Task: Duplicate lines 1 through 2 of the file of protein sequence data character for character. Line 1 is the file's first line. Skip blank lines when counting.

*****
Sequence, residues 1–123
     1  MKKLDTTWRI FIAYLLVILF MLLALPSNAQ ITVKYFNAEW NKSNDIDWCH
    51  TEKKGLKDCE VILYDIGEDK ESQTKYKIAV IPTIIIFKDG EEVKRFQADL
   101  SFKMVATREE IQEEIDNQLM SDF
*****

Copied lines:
Sequence, residues 1–123
     1  MKKLDTTWRI FIAYLLVILF MLLALPSNAQ ITVKYFNAEW NKSNDIDWCH